Summary: Our Sole Focus is Food and Beverages
Insight Advisory Partners is a trusted adviser for food and beverage companies seeking to raise between $5 – $150 million of capital for growth, acquisitions and other value enhancing initiatives. We advise our clients on many aspects of corporate and financial strategy including strategic growth initiatives, capital raising strategies, acquisitions and divestitures. We also perform retained search, due diligence, pre-and post-merger integration, turnarounds and financial restructuring activities. Our partners bring both domestic and international experience.
Why You Need a Specialist Advisor
To an outsider, the food and beverage businesses appear well-established, dominated by big companies, perhaps even sleepy. Frequently we hear how stable the industries are, followed by the comments, “people always need to eat and drink” and “eating habits change slowly.” As an insider, you know the food and beverage industries are anything but sleepy: they’re intensely competitive; they engages consumers on emotional as well as functional levels; and they are more technically complex and dynamic than outsiders realize.
U.S. consumers spend over $1 trillion on food, with about 60% of that spent on food at home and 40% on food away from home. Each of these market segments has grown at roughly 4% over the past eight years. There are approximately one million restaurants in the U.S., 85 thousand grocery stores and 28 thousand food manufacturing locations. Low barriers to entry create a dynamic industry populated by small, agile companies that are meeting and shaping changing consumer behavior. New participants frequently educate consumers about previously unknown needs, which in turn increase demands on existing firms to serve those needs. With advances in technology and communications, the industry moves faster now than ever before; the pace of innovation will only increase as the retailer landscape continues to shift and consumer expectations evolve, fueled by a fragmented new media. On top of these pressures, consumers are pinching pennies on the demand side while commodity price volatility is dramatically impacting the supply side.
Strong Consumer Involvement
One constant in the business is the intense emotional connection that consumers have with food. What you eat drives not only how you feel emotionally (comfort food) and physically (sugar highs), it also impacts your long-term health (obesity and other wellness issues). As consumers have access to wider sources of information, the long-standing value of brands becomes more important in some cases: they are a trusted means to navigate information overload. Under other circumstances, such as when new claims emerge that a brand doesn’t address or another brand addresses better, brand is less relevant. And although food is very personal, there are now a host of interest groups and coalitions seeking to change the relationship between food consumers and the food industry.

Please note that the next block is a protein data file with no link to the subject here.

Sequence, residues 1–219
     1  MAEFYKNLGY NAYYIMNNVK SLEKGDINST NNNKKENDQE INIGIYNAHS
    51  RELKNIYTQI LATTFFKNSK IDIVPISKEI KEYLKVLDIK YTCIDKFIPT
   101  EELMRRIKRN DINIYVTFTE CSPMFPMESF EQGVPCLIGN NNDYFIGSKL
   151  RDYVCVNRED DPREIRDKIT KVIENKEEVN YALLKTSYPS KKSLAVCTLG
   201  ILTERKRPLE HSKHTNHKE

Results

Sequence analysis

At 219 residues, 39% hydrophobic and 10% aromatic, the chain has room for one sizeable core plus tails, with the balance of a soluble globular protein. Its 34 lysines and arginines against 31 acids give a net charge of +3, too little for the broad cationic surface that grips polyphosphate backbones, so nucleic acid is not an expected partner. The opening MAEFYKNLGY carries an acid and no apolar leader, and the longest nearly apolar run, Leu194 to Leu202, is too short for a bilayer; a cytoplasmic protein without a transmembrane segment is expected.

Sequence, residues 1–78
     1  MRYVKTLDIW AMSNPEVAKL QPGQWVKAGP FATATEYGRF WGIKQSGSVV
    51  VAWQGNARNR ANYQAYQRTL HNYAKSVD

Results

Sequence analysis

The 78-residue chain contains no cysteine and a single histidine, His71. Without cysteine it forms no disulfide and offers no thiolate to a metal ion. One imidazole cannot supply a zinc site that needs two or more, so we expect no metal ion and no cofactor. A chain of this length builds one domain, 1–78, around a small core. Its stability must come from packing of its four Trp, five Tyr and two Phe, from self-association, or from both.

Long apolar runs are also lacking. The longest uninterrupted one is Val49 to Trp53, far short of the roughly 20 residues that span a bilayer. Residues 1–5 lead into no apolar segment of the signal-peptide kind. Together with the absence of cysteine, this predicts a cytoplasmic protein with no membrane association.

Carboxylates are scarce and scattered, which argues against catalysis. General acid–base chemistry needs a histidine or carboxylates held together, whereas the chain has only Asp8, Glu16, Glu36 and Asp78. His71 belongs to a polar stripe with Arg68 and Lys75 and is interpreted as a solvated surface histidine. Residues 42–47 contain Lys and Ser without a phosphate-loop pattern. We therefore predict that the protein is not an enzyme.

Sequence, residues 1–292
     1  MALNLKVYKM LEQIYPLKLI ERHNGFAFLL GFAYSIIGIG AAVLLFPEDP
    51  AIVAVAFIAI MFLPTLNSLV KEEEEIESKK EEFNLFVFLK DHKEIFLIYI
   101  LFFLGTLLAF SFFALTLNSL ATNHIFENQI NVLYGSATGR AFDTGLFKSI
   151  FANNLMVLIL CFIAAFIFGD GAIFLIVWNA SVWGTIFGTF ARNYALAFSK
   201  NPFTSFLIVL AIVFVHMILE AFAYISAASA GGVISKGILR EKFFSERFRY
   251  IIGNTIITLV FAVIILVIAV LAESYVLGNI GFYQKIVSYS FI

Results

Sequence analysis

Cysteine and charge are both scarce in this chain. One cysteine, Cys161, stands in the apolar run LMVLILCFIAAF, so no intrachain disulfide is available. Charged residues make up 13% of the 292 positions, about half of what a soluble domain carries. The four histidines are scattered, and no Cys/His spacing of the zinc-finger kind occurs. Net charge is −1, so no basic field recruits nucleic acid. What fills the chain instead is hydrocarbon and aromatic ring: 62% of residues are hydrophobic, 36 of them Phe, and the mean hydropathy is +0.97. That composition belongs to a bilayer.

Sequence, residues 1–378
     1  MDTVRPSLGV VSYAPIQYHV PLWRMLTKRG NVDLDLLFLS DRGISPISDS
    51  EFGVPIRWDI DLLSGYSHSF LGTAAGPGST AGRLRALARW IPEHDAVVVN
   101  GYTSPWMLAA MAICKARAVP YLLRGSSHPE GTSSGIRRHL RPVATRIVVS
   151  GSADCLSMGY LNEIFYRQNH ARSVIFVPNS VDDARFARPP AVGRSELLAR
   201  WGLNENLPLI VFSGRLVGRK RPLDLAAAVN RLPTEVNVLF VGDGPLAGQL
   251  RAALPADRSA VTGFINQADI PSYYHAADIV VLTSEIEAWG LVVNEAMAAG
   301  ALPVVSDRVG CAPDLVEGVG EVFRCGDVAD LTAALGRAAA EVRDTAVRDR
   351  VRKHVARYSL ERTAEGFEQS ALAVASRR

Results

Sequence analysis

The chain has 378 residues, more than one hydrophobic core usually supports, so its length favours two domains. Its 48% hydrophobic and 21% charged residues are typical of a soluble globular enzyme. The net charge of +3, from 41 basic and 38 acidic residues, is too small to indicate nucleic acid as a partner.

Very Complex Businesses
In classic strategy companies can compete on price with a commodity product, differentiate their products in some way or combine the two strategies. In the food business, you also have to take into account a variety of groups other than the 3C’s (company, customer and competitors), and those other players increase the complexity of doing business exponentially. The government regulates food at many levels and continues to increase the scope of that influence (e.g. marketing restrictions, fat taxes, public school curriculum). Meanwhile, certain interest groups exist solely to influence what consumers eat (e.g. CSPI) while shifting trade regulations present consumers with more choice from more places than ever before. Healthcare providers and insurance companies also have perspectives and seek to influence consumer behavior. These circumstances create an ever-shifting environment that is more challenging for food companies to navigate than ever before.
The pace of change in the food sector won’t slow down; most likely it will increase, driven by faster technological change, changing consumer expectations and the increased flow of information. Consumers will continue to trade up to higher priced goods and services where they see benefit, while at the same time trading down in increasing numbers where they see lack of differentiation. Over the long term, consumers will be more health conscious as they age while also becoming more concerned about broad environmental concerns. These factors combine to create an imperative for food companies to step up their game, become more insightful and to apply those insights to their strategies and operations.